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PA official blames Hamas for 'obstructing' solution to Gaza electricity crisis

June 5, 2017 11:45 P.M. (Updated: June 5, 2017 11:45 P.M.)
Palestinian electricity company workers drag a power line destroyed following an Israeli airstrike in the Gaza Strip in August 2014. (AFP/Said Khatib, File)
BETHLEHEM (Ma’an) -- An official of the Palestinian Energy and Natural Resources Authority (PENRA) blamed the ongoing electricity crisis in the Gaza Strip on Hamas, the de facto ruling party in the besieged coastal enclave, in an interview with official Palestinian Authority (PA) news agency Wafa on Monday.

Acting PENRA chairman Zafer Milhem told Wafa that the PA had a plan ready to solve the electricity crisis, but that Hamas was “obstructing” it by not transferring electricity payments to the PA.

“We have a ready plan to increase capacity of electricity coming from Israel by about 240 megawatts and to extend a pipeline to feed Gaza’s power plant with gas instead of heavy fuel, in addition to expand the grid lines with Egypt at a later stage,” Milhem said.

“We have reached an agreement with the Israelis on this and everything was ready,” he added. “But they asked for guarantees for payment. The government will not give such guarantees. The electricity distribution company in Gaza is the one supposed to give these guarantees and not the government.”

In May,  Israel announced that was planning on reducing its electricity supply to Gaza at the request of the PA, which foots Gaza’s 40 million shekel ($11.19) monthly bill from Israel.

“We will not tolerate the continuation of the status quo, let alone add further burdens,” Milhem said. “We will not take any steps without clear commitment that would enable the (PA) government to do its work and to transfer the funds to the treasury.”

Milhem rejected statements by the Gaza Strip's power authority saying that it had met all of the PA’s stipulations to end the electricity crisis, but that the governing body in the occupied West Bank had yet to respond.

The stipulations reported included that Gaza’s electricity company more rigorously collect bills in the impoverished coastal territory, as well as appoint a nonpartisan committee to monitor its performance and work in conjunction with the PA power authority to operate the electricity sector in Gaza. The Gaza power authority said it had accepted all the aforementioned conditions in exchange for the PA exempting the fuel used to run Gaza’s only power plant from taxes.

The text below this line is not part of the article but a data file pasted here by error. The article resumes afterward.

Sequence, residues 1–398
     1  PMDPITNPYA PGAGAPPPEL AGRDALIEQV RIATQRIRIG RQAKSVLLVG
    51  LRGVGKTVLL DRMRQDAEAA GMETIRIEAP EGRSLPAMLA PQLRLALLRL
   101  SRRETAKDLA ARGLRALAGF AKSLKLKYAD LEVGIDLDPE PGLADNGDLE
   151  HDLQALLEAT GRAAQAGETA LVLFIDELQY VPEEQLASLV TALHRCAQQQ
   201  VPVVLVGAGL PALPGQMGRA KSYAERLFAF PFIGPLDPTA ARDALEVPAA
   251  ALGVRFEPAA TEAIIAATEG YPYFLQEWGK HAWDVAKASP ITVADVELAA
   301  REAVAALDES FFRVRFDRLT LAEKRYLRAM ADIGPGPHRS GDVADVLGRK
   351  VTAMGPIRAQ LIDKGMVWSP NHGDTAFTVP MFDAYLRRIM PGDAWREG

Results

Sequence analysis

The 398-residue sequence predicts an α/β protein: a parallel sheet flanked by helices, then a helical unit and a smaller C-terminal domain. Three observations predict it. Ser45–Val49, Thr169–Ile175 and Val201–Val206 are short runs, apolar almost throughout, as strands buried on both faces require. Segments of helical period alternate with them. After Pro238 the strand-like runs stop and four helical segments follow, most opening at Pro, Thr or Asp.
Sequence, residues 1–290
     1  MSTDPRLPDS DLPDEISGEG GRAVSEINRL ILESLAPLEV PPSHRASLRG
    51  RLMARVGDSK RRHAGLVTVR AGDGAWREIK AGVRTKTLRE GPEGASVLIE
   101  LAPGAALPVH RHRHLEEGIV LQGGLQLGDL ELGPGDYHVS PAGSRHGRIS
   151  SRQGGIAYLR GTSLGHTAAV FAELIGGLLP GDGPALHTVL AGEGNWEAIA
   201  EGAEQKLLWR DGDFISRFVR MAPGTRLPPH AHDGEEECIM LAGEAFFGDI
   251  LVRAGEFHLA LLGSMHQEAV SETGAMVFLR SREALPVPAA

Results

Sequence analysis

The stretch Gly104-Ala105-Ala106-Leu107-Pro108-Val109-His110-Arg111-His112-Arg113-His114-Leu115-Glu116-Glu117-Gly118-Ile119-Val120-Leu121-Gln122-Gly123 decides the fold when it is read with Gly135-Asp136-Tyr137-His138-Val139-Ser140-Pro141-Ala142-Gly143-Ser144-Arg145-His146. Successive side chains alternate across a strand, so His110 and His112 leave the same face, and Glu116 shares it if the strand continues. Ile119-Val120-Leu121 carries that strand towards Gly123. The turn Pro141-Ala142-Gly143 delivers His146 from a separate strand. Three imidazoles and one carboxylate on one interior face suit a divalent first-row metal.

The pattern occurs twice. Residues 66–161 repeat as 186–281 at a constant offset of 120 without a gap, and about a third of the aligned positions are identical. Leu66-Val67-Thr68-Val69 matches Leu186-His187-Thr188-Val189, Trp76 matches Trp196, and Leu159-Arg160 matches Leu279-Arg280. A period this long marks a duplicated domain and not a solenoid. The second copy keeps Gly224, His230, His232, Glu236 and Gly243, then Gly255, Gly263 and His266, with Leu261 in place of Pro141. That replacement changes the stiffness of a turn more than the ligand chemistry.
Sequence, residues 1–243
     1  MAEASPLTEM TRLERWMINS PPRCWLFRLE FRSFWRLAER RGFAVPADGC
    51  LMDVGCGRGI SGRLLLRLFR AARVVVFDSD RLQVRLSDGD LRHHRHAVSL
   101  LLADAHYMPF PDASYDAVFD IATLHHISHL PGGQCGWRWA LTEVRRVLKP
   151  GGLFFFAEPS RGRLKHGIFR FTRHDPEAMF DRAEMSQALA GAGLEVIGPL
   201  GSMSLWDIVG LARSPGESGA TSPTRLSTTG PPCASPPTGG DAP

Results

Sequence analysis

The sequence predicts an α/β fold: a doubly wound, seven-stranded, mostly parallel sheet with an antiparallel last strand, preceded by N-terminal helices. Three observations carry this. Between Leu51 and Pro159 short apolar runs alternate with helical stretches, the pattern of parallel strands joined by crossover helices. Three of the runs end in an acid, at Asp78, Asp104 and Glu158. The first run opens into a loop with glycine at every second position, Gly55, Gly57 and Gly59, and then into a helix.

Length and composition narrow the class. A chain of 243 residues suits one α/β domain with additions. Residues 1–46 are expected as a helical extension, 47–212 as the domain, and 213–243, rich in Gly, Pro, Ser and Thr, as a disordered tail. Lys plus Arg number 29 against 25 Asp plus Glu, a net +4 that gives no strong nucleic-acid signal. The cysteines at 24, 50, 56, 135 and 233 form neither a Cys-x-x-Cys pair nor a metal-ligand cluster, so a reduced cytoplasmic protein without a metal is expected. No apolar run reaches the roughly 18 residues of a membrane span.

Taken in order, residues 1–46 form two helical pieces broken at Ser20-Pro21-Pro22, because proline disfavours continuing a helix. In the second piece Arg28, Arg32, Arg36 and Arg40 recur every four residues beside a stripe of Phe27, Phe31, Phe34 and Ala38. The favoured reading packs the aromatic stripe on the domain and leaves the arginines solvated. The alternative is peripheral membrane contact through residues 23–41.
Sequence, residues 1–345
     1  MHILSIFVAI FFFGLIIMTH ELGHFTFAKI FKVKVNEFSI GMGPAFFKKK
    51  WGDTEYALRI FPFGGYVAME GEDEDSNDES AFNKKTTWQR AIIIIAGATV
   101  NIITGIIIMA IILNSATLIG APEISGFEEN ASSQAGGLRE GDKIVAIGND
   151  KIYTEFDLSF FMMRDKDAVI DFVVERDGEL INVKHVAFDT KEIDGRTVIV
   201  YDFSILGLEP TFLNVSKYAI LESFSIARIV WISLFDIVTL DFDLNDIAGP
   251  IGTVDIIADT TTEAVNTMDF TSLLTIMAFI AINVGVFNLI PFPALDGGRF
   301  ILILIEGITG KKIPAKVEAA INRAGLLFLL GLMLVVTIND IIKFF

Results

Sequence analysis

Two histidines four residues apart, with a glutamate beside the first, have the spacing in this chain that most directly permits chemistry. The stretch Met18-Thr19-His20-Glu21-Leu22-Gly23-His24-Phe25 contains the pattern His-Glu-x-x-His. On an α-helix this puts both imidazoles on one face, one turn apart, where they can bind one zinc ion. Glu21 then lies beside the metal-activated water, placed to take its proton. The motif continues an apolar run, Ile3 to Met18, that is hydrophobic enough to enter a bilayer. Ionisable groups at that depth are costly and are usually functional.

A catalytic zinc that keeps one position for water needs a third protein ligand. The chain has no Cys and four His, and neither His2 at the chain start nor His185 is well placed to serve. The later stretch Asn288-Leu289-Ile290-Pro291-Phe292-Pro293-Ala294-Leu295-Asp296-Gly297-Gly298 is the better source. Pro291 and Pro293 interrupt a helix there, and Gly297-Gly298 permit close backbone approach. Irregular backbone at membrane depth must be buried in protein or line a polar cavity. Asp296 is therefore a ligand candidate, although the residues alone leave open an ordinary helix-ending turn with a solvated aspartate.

Milhem rejected the power authority's proposal as imposing “additional financial burdens on the (PA) government without any commitment from the energy authority in Gaza to transfer the money that would cover costs.”

Milhem said that a solution to the severe electricity woes in Gaza could not be achieved without political reconciliation and the achievement of a unity government across the occupied Palestinian territory, some ten years into a bitter feud between Hamas and Fatah, the ruling party of the PA, shortly after Hamas’ 2006 victory in general elections held in the Gaza Strip.

Critics have said the PA has attempted to use the electricity crisis to exert pressure on the Hamas government to release control of the small Palestinian territory.

Even at full capacity, Egyptian and Israeli electricity grids, together with Gaza's now-shut down sole power plant, fail to cover the Gaza Strip’s energy need.

The power plant, which provides Gaza with 30 percent of its electricity, had not run at full capacity in years, with Israel's crippling blockade severely limiting fuel imports into the coastal enclave.

It ultimately shut down in April after running out of fuel provided by Qatar and Turkey, with Gaza’s electricity officials claiming that they have been unable to purchase electricity from the PA owing to the taxes levied on fuel entering the Gaza Strip.

Meanwhile, the power lines from Egypt that supply electricity to the southern Gaza Strip are often out of operation due to technical issues, leaving Israeli power lines, which typically provide Gaza with about 60 percent of its electricity, as the only reliable power source feeding the impoverished territory.

The enclave's severe electricity shortages over the years have exacerbated the already dire living conditions in the small Palestinian territory.

United Nations Special Coordinator for the Middle East Peace Process Nickolay Mladenov warned in May that "we are walking into another crisis with our eyes wide open" should Israel effectively reduce Gaza’s power supply at the behest of the PA.

Noting that the majority of Gaza residents have been left with some four hours of electricity a day since April, Mladenov emphasized that “if implemented, this decision will further reduce electricity supply to Gaza by some 30 percent, plunging its population into a spiral of a humanitarian catastrophe.”

“The price will be paid by poor Palestinians, by women and children, by people already traumatized by conflict, who have been held hostage for a decade now. They are the ones who will not have access to electricity, to water, to health services and sanitation,” Mladenov said.

The UN warned in 2015 that the Gaza Strip would become uninhabitable for residents by 2020, pointing to the devastation of war and nearly a decade of Israel's blockade.
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